Share
Lifestyle

'She's Priceless': Parents Sacrifice Everything to Afford Treatment for Premature Baby

Share

Few forms of love can rival the affection that a parent has for their child.

When it comes to their precious little ones, most parents would probably agree that no sacrifice is too great.

According to KTVZ-TV, the parents of a micro-prematurely born baby decided to leave their home in Redmond, Oregon, and move across the country so their daughter would have a better chance at life.

The couple’s baby, Amelie Grace Bacuyani, was born at 23 weeks gestation on Nov. 30, 2020, weighing only one pound and four ounces.

Since Amelie’s mother, Angie, faced pregnancy complications before the day of delivery, her doctors predicted the baby had only a 10 percent chance of survival. When she proved them wrong by surviving, Amelie’s odds increased to 30 percent.

Trending:
NY Governor Kathy Hochul Melts Down After Supreme Court Strikes Down Her State's Unconstitutional Gun Restriction

Despite the uncertainties surrounding the birth, Amelie’s mother fell in love with her during their first meeting.

“When I first saw her, I was super surprised how perfect she looked,” Angie Bacuyani said. “I feel like every single miracle has just happened before my eyes.”

After overcoming complications with her heart, kidneys, brain, and other issues, problems with her lungs continued to plague the baby.

Like many premature babies, Amelie was diagnosed with bronchopulmonary dysplasia, or BPD. In most BPD cases, an infant’s lungs do not develop normally, and the child may experience long-term difficulties with breathing.

Still, after learning that Amelie had BPD, the baby’s parents refused to give up on her.

Instead, they decided to relocate, so Amelie could receive treatment at the Nationwide Children’s Hospital in Columbus, Ohio.

The hospital is one of the few facilities in the country to offer comprehensive care to infants with BPD, and boasts a neonatal intensive care unit that specializes in the disorder. According to its website, the hospital’s BPD patients have a survival rate of 99 percent, compared to the national average, which is 80 percent.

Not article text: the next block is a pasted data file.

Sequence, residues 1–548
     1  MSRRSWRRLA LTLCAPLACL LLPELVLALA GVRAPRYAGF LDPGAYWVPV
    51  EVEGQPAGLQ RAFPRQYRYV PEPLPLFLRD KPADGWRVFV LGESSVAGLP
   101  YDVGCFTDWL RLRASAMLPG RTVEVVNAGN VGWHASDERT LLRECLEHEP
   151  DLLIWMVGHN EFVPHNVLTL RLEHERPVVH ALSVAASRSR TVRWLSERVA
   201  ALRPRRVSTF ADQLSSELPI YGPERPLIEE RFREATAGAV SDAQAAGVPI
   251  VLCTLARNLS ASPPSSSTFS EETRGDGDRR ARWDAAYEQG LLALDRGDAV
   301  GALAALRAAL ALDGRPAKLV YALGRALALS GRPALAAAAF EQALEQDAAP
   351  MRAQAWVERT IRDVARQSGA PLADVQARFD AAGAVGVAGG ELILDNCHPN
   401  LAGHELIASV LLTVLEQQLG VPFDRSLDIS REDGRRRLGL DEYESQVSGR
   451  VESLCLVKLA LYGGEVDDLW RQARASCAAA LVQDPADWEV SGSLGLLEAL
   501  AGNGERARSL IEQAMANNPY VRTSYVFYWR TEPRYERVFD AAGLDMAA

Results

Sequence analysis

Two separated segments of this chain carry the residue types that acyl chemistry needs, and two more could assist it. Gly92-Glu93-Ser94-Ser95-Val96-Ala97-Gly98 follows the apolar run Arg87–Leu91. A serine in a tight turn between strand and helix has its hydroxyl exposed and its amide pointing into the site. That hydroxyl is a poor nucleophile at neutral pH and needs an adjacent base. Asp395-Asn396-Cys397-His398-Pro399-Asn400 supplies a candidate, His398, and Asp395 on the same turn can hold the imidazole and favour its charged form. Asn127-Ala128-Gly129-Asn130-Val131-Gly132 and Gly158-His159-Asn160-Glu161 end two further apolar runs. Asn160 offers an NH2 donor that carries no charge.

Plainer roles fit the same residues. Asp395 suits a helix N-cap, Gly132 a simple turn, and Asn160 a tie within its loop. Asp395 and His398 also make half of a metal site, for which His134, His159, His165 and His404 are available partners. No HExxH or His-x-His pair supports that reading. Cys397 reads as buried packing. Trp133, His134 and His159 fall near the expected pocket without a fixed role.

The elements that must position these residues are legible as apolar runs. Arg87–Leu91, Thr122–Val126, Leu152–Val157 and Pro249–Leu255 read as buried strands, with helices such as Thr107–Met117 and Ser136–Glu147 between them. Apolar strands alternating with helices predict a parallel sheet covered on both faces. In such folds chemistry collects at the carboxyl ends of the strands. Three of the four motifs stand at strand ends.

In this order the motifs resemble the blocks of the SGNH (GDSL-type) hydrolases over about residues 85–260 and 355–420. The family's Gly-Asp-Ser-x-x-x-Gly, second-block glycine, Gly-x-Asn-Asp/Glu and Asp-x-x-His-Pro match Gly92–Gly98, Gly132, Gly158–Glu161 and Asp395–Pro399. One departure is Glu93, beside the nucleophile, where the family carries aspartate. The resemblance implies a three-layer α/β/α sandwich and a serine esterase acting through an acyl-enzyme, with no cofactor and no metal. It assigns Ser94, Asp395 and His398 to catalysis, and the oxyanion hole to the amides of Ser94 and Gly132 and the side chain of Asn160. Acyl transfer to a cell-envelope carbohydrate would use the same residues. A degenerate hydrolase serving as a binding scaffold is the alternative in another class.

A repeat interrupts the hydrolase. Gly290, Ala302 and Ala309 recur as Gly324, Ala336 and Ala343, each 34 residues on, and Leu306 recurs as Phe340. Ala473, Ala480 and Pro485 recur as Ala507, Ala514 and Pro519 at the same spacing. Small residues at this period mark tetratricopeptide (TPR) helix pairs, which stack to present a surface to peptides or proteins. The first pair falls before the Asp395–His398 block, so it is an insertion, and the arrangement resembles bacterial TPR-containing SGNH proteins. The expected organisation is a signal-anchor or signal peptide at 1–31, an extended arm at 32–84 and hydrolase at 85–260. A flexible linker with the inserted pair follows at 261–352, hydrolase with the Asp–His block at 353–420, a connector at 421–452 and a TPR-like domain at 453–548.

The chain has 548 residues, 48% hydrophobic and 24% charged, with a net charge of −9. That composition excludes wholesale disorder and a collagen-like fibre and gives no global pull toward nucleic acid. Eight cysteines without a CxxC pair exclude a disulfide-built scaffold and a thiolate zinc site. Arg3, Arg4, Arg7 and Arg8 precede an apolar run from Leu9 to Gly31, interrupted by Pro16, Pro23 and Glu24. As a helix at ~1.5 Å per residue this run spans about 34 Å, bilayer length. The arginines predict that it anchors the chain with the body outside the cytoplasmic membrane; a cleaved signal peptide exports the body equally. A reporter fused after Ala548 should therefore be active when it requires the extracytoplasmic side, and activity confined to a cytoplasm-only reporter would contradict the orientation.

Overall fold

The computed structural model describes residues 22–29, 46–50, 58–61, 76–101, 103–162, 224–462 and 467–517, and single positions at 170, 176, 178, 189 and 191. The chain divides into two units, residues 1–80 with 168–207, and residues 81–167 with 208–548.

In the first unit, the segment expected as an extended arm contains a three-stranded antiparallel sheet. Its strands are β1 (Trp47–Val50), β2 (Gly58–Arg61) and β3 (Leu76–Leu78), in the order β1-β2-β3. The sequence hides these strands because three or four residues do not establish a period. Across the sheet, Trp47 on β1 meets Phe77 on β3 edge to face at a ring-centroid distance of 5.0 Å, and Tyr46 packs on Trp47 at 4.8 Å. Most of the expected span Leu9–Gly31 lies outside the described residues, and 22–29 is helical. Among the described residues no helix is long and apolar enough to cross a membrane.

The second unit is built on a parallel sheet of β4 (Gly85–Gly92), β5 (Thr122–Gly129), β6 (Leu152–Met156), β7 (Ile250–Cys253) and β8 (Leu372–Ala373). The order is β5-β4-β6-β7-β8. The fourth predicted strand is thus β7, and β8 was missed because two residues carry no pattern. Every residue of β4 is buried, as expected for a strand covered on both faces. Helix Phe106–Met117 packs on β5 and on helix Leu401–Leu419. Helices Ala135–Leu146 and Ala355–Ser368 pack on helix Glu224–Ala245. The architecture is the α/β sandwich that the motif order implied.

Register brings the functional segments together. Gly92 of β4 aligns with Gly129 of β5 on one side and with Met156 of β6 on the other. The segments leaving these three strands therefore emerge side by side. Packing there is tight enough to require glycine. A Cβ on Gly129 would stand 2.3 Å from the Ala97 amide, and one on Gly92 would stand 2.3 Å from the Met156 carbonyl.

While relocating to Ohio seemed like Amelie’s best hope, the journey there was not easy. The Bacuyanis were forced to sell almost everything they owned in a yard sale to cover the cost of the move and pay off over $1.3 million in medical bills.

To Angie, the cost is a small price to pay for the life of her little girl.

Related:
In 1985, a Dog Found a Dead Baby in a Gravel Pit and Took it Home: Now, the Baby's Mother Is in Custody

“She’s priceless,” the mother said. “She means the world to me.”

The parents were not without support, however, as they prepared to rearrange their lives.

Angie said that she was “grateful” for the donations her family received online. The mother said it “warms [her] heart” to know that complete strangers cared enough about Amelie to offer their support.

After facing concerns about debt and where to live, it seems the Bacuyanis are at last headed to Ohio.

According to an update posted Monday on the family’s GoFundMe page, Amelie’s parents accepted an offer on their home that was “way over [the] asking price.”

The plan is for Angie to depart with her baby via medical transport on Thursday, while her husband and other children are set to arrive next week.

“When we first thought about going to Ohio, mommy had total faith that if it wasn’t meant to be, the doors wouldn’t open,” Angie wrote. “Well, it looks like it’s meant to be. God wants us in Ohio. So here we go.”

If anything, the situation is a reminder that when parents are determined to save their child, there is no force in the world powerful enough to deter them.

Truth and Accuracy

Submit a Correction →



We are committed to truth and accuracy in all of our journalism. Read our editorial standards.

Tags:
, , , , , , , , , ,
Share
Samantha Kamman is an associate staff writer for The Western Journal. She has been published in several media outlets, including Live Action News and the Washington Examiner.
Samantha Kamman is an associate staff writer for The Western Journal. She has been published in several media outlets, including Live Action News and the Washington Examiner.




Conversation